We had a great time in the soft snow and warm sun today. While it was melting into puddles on the playground, deep in our ravines it was still cool (high-30s) enough for plenty of snow. We traveled a little farther today to play, exploring a big downed tree and the root ball. The imaginative play and naturalist investigations skyrocketed! Kids were foxes, mountain lions, vets, doctors, motorcycle drivers, fairy house builders. We discovered holes in the ground, ice and water in the streambed, and a mysterious trail of fluffy black feathers.
Gemma high up on the root ball. This is a great place for a climbing challenge with all the frozen mud but lots of little sticks for foot and handholds.
Rowen with his snowman. He and Nathaniel were rolling balls of snow down the hill into the ravine to make them larger.
Lyndon: “The nature was singing to me.” You can see him sitting under his tree at his Sit Spot and the bird in the tree that he heard.
Emilia: “I went in the tree. I found a tree stump.” You can see how Emilia is writing the beginning and ending sounds of her words! And she got her snap words right too.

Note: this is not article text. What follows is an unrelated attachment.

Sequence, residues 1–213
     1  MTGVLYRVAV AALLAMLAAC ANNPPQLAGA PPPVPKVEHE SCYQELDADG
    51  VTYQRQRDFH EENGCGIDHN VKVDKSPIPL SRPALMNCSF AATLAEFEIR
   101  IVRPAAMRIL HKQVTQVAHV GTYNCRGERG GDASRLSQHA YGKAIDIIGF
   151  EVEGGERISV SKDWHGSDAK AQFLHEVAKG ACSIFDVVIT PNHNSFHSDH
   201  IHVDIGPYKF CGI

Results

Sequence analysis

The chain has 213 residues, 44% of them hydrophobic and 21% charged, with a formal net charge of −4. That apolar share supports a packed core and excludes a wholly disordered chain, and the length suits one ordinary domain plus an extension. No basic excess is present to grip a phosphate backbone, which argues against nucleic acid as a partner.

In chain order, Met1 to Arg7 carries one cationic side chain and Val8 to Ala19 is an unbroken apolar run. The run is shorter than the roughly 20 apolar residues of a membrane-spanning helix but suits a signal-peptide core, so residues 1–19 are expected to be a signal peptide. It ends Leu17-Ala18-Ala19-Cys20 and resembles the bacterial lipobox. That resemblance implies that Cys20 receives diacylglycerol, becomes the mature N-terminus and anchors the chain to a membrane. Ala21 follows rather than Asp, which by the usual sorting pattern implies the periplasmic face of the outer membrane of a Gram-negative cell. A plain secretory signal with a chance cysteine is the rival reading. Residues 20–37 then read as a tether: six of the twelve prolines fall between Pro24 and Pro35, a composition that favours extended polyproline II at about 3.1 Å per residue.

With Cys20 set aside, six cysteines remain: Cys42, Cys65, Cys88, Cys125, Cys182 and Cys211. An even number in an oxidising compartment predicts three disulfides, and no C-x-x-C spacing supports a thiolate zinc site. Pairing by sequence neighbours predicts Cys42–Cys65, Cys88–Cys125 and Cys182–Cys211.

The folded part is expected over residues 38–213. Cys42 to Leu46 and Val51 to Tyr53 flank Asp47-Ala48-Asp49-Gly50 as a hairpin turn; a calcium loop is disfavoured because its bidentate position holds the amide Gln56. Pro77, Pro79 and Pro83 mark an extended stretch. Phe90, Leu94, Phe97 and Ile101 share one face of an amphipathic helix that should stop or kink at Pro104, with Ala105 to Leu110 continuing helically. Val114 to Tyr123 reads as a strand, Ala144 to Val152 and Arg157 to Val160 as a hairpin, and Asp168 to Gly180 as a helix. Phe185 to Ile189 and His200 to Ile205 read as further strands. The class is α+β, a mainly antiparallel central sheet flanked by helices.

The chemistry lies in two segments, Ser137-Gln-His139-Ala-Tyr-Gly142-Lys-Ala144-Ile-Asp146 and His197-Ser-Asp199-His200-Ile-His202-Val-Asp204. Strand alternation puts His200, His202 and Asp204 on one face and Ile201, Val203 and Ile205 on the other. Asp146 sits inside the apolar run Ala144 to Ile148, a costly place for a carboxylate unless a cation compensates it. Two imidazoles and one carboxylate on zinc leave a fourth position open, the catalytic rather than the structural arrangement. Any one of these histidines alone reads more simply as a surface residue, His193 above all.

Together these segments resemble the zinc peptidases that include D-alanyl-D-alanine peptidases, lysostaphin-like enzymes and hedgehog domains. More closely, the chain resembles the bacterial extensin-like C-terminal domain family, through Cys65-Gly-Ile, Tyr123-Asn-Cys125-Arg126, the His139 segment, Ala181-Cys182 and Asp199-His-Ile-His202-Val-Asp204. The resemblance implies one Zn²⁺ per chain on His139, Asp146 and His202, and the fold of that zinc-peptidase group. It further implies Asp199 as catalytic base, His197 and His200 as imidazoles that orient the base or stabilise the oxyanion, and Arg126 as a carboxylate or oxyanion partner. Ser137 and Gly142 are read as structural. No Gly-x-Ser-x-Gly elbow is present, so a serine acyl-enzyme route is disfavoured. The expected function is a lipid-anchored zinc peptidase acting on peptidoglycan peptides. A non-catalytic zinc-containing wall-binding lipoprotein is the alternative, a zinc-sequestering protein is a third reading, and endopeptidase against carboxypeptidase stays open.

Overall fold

Amelie: “There was water by the benches. It was melting.” She didn’t quite finish coloring, so I hope she’ll forgive me for posting. But Amelie shows here that naturalists notice even the smallest things, especially about changes in the weather.
We had a delay today because of freezing rain, but still got out in the woods in the afternoon. We got outside just as the rain started to taper off, phew! And with Grundens pants for all and coats for some, we stayed pretty dry. The woods smelled so sweet and fresh!
More ice fishing.
You could see where the water level of the drainage dropped, leaving a gap under new, thick ice. Jackson was playing in the hole and everyone was pretending to find pretend frogs and snakes.